The notion of reduction is intimately tied to the ease of understanding one level in terms of another. Emergent properties are usually properties that are more easily understood in their own right than in terms of properties at a lower level. This suggests an important observation: Emergence is a psychological property. It is not a metaphysical absolute. Properties are classed as "emergent" based at least in part on (1) the interestingness to a given observer of the high-level property at hand; and (2) the difficulty of an observer's deducing the high-level property from low-level properties. The properties of XOR are an obvious consequence of the properties of its parts. Emergent properties aren't. We might as well give this a number:

(4) Emergent high-level properties are interesting, non-obvious consequences of low-level properties.

This still can't be the full story, though. Every high-level physical property is a consequence of low-level properties, usually non-obviously. It feels unsatisfactory, for instance, to say that computations performed by a COBOL program are an emergent property relative to the low-level circuit operations — at least this feels much less "emergent" than a connectionist network. So something is missing. The trouble seems to lie with the complex, kludgy organization of the COBOL circuits. The low-level stuff may be simple enough, but all the complexity of the high-level behaviour is due to the complex structure that is given to the low-level mechanisms (by programming). Whereas in the case of connectionism or the game of life it feels that we have simplicity in both low-level mechanisms and their organization. So in those cases, we have much more of a "something for nothing" feel. Let's try for another number:

(5) Emergence is the phenomenon wherein complex, interesting high-level function is produced as a result of combining simple low-level mechanisms in simple ways.

I think this is much closer to a good definition of emergence. Note that COBOL programs, and many biological systems, are excluded by the requirement that not only the mechanisms but their principles of combination be simple. (Of course simplicity, complexity and interestingness are psychological concepts, at least for now, though we might try to explicate them in terms of Chaitin-Kolmogorov-Solomonoff complexity if we felt like it. My intuition is that this is likely to prove a little simplistic, although Chaitin has an interesting paper that attempts to derive a notion of the "organization" of a system using similar considerations.) And note also that most things that satisfy this definition should also satisfy (4) — due to our feeling that simple principles should have simple consequences (or else complex but uninteresting consequences, like random noise). Any complex, interesting consequence is likely to be non-obvious.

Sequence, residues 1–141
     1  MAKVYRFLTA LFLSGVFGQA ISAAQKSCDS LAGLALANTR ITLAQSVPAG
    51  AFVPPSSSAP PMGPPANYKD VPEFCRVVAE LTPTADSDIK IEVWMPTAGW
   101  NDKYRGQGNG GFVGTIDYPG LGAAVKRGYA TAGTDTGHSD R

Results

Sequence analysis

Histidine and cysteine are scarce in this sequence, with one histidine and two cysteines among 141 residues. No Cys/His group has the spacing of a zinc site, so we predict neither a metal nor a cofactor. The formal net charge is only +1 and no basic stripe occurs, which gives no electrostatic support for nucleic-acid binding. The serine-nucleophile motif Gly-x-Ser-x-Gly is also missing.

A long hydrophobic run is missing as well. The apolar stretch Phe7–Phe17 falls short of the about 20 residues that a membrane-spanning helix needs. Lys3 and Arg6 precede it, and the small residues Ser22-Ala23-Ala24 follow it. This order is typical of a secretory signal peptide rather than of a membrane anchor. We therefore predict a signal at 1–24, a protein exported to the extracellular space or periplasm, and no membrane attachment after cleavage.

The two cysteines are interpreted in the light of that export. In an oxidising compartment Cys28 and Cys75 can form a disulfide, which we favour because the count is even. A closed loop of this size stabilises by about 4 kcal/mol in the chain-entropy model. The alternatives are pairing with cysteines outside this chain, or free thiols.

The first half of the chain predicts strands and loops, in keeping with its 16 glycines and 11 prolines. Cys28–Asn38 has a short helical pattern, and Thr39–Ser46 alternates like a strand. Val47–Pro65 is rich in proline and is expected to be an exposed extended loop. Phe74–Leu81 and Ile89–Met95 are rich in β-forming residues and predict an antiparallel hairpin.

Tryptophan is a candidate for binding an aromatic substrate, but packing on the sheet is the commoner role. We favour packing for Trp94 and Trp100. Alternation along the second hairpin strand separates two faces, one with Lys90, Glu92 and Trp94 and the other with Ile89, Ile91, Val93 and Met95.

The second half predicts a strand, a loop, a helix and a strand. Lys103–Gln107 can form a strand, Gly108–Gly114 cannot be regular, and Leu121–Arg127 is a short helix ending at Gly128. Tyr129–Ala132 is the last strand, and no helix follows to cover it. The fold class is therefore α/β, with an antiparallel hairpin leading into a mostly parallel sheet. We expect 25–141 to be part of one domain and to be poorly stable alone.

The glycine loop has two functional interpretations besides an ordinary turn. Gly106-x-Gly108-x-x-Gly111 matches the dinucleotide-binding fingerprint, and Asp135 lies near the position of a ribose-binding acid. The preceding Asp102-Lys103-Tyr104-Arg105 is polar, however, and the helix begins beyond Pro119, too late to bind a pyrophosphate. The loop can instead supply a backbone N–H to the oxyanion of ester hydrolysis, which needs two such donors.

This does indeed fit in with the feeling that emergence is a "something for nothing" phenomenon — though in a more subtle and satisfactory way than set forth in (1), for instance. It's a phenomenon whereby "something stupid buys you something smart". And most of our examples fit. The game of Life and connectionist networks are obvious: interesting high-level behaviour as a consequence of simple dynamic rules for low-level cell dynamics. In evolution, the genetic mechanisms are very simple, but the results are very complex. (Note that there is a small difference, in that in the latter case the emergence is diachronic, i.e. over time, whereas in the first two cases the emergence is synchronic, i.e. not over time but over levels present at a given time.)